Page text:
The Masjid al-Sultan Qaytbay in Cairo photographed Caroline and John A. Williams. The complex is considered the greatest work of Mamluk architecture and contains some of the most unique forms in Islamic art. This dome-like structure is decorated with golden Rub Al-Hizb and Mocárabe details, showing the importance of Cairo as the center of the Islamic World.
A 19th century tomb built in the belle epoque architecture predominant during the Arab Renaissance stands next to the late Circassian mausoleum of Emir Sudun (right) dates from 1505.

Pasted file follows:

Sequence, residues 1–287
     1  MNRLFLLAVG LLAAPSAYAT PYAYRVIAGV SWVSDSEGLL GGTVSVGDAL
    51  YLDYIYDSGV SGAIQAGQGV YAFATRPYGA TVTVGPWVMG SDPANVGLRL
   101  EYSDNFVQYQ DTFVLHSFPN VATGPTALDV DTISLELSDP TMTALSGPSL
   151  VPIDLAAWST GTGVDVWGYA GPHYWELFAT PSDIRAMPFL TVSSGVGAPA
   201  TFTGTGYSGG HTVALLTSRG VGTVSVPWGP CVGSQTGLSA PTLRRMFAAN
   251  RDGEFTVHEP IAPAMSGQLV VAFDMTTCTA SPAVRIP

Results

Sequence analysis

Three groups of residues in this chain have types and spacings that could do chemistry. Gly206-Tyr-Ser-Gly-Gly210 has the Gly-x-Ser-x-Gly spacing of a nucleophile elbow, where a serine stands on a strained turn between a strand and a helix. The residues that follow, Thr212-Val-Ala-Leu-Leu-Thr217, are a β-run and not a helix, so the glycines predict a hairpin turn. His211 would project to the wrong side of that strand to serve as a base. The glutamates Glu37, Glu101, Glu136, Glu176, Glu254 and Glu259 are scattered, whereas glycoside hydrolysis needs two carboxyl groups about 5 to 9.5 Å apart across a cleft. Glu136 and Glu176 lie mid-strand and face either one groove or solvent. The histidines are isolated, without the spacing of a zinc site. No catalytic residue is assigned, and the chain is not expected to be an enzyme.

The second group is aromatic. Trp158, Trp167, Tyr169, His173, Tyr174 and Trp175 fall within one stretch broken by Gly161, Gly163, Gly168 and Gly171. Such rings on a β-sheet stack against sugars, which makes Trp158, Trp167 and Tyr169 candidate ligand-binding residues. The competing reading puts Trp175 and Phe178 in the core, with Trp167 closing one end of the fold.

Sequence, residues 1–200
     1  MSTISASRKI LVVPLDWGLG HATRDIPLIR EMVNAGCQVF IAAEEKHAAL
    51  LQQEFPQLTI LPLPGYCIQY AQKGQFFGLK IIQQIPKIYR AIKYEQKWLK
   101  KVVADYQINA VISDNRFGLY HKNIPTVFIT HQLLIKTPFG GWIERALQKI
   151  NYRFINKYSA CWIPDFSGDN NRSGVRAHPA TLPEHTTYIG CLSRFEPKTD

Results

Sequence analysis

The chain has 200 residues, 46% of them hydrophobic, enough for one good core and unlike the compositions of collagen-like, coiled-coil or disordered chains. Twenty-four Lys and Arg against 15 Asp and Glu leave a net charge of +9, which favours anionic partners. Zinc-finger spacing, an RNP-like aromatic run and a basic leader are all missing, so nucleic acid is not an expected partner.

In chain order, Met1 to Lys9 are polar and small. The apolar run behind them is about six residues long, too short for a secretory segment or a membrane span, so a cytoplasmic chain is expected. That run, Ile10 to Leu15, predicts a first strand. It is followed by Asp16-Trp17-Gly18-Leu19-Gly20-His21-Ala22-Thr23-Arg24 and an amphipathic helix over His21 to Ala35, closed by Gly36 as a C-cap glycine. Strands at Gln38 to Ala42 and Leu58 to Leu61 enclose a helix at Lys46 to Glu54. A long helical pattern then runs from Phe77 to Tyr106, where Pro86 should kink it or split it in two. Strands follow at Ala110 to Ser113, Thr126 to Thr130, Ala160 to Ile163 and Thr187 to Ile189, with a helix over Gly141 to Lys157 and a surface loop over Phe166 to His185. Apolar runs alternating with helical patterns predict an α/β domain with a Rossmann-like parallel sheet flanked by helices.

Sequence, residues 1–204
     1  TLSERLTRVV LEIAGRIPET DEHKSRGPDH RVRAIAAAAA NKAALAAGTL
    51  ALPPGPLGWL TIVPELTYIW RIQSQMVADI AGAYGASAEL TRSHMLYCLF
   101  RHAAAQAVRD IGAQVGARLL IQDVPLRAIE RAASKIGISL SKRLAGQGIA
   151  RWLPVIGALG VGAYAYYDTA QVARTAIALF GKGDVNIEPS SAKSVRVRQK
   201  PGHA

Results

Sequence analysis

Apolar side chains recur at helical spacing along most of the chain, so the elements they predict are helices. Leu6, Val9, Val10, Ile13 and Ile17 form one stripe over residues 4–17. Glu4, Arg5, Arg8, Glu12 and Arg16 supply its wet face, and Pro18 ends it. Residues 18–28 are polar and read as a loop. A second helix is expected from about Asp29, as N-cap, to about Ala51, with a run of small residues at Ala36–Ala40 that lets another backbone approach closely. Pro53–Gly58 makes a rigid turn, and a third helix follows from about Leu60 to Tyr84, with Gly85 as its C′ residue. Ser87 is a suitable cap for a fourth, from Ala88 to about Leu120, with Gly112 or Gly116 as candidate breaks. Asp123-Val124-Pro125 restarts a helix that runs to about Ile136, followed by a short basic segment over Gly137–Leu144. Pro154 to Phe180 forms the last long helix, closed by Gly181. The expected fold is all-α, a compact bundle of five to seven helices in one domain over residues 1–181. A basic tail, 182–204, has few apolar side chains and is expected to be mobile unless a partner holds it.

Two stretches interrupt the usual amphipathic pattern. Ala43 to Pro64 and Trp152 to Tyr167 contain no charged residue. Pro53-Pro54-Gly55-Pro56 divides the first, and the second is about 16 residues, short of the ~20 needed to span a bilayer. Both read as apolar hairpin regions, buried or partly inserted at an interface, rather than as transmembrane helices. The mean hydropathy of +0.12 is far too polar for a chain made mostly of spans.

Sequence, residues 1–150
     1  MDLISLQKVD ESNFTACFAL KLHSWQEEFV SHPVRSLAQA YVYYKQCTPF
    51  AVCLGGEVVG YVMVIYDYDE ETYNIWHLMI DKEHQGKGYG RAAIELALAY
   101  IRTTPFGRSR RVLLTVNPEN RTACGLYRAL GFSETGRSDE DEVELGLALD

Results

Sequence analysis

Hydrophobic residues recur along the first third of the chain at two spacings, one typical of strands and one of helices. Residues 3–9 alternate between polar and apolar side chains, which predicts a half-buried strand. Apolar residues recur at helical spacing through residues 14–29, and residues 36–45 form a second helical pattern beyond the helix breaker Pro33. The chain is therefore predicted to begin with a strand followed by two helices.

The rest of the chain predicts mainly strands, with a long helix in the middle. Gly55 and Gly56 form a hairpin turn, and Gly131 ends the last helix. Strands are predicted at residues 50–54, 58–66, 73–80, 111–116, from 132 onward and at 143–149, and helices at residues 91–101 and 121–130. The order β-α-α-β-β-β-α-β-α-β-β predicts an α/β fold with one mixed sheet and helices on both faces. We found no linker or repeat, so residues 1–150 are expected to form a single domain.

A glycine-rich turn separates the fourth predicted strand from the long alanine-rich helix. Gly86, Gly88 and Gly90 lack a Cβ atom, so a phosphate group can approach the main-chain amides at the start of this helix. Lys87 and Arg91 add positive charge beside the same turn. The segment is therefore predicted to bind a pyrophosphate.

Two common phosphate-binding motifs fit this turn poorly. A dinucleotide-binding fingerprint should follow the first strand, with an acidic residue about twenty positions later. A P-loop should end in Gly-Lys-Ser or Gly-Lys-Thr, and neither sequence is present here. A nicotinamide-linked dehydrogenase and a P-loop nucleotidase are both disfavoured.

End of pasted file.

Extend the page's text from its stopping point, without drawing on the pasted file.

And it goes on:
Emir Sudun, the Emir Majlis, was a commander of one thousand men and guard of the council chamber during the reign of Sutan al-Ghuri (1501-1516), the last Mamluk Sultan. Emir Sudun is reputed for his courage as soldier and was renowned for his equestrian skills. He met his death in 1516, at Marj Dabiq in Syria, leading the cavalry charge against the Ottoman Sultan prior to his invasion of Egypt.